(Photo Credit: Daniel Tran/Annenberg Media)

USC’s Comeback Efforts Wane Against Wisconsin

The season ends with a disheartening defeat at the Holiday Bowl

It’s not often you get second chances in football. It’s not often you only have 286 yards of total offense, average less than five yards a play or have only 65 yards on the ground and still have a chance to win the game.

But there was USC on Wednesday night, once again embodying the epitome of its season one more time out on the field: A slow start, a seemingly inexplicable comeback and a chance to win in spite of themselves. In their final game of the season, the sputtering train that had gone through everything was hoping to make it to the finish line on a positive note for both departing seniors and their newly-minted head coach alike.

Not once, but twice was the Trojans’ offense allowed a chance at redemption, an opportunity to garner a win they had not earned but somehow stumbled into. And twice they squandered their chances, either by the errant hand of QB Cody Kessler who was intercepted or by the finite amount of time that expired with them at midfield only needing a field goal to win the game.

Kicker Alex Wood never got a chance to give the wild game a fairytale finish with his right foot. A Hail Mary call gone awry ending in a turnover on downs is what will stick in the minds of many. Both Kessler and the recipient of his short pass, wide receiver Darreus Rogers, owned up to their mistake afterward, their thinking perhaps too ambitious for the situation.

“[Helton] called Hail Mary, and the corner was playing way off, and I tagged Darreus on the out-route, because there was enough time to get him at the sticks and get it out, and he just came up to me after and said I didn’t see it was fourth down.” — QB Cody Kessler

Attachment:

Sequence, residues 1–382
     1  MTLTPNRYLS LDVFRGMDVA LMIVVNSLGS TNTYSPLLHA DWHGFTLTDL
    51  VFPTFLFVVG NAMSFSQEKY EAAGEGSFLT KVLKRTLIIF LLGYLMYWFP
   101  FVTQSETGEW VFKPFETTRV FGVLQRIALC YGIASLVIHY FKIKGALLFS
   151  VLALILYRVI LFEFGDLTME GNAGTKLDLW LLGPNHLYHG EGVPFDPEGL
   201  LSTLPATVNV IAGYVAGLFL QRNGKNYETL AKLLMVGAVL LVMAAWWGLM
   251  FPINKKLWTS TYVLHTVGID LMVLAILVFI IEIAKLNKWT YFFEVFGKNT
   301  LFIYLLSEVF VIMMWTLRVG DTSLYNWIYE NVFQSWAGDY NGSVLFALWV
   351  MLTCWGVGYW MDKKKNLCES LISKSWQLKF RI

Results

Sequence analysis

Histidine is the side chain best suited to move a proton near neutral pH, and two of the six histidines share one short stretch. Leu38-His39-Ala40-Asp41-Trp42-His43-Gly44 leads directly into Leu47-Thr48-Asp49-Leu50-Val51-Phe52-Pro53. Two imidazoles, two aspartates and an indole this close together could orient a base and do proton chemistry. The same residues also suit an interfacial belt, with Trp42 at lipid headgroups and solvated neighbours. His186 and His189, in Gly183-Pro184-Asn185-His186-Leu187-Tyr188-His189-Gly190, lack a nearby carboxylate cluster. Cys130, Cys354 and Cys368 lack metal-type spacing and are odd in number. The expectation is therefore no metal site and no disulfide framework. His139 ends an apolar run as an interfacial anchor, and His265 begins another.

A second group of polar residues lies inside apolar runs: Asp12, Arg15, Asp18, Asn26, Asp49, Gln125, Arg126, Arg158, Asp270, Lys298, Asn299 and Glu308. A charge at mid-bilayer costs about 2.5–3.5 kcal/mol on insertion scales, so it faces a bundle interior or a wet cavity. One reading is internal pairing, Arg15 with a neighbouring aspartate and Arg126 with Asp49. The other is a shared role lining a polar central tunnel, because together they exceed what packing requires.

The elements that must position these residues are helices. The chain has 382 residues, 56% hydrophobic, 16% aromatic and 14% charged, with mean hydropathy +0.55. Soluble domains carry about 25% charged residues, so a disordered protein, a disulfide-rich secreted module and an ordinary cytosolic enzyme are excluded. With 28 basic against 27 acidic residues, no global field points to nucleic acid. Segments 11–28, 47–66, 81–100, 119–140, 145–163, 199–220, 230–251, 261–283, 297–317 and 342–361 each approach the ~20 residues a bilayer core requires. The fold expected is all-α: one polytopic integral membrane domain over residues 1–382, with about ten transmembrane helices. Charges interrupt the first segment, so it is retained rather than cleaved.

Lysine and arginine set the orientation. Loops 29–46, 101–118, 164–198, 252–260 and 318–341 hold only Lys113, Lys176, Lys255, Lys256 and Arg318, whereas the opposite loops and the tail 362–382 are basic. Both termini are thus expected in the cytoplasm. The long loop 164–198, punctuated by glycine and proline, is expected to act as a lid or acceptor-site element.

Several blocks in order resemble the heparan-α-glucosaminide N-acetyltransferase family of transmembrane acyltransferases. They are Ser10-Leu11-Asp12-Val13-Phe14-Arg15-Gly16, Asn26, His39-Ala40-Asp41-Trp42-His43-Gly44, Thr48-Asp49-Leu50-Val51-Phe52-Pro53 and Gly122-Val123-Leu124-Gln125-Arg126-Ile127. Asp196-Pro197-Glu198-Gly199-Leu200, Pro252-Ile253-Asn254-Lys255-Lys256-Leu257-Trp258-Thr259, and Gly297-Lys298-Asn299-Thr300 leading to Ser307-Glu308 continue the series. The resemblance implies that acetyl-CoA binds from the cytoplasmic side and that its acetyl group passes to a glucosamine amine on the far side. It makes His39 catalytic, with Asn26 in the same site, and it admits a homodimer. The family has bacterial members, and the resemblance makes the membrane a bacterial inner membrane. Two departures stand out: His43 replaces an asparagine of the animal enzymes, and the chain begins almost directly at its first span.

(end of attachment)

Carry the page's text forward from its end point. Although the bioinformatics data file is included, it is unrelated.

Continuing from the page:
“Me and Cody were on two different pages,” Rogers admitted, “He told me me to run an out, but I forgot the down and distance and it was short of the first down.”

It is what will be dissected, discussed and remembered, but the road to the 21–23 loss in the 2015 Holiday Bowl was initiated early.

It began when USC punted three straight times on their first three drives of the game. It started when they could only manage 37 yards of offense in the first quarter. It continued when they allowed Wisconsin to control the time of possession throughout the first half; the Badgers holding the ball for 20 minutes compared to the Trojans’ nine.

The faulty foundation was set then, as it had become customary under Clay Helton. After a touchdown drive that they were able to patch together, USC headed into the locker room somehow only down six points.

“I think it’s a mental thing,” said running back Justin Davis of the slow starts. “Because we clearly have the talent.”

The halftime deficit would turn out to be four points too many, as Wisconsin began the second half with a massive 6-minute touchdown drive—after another quick USC punt—that had the defense on its heels. That is where the Peter Sirmon-led unit was all game, having to counteract a methodical offense that was patient and clinical in its balance, while seeing more field time than the offense. A few short runs here, a play-action pass there, sometimes aided by a bigger play that only served to keep the defense from stacking the box, ultimately forcing USC to play Wisconsin’s type of game.

It was a game plan perfectly executed by the Badgers, but given their subpar offense, it was exacerbated by the Trojans’ inconsistent defense, affected both by long-term fatigue and the staff turnover that created some uncertainty.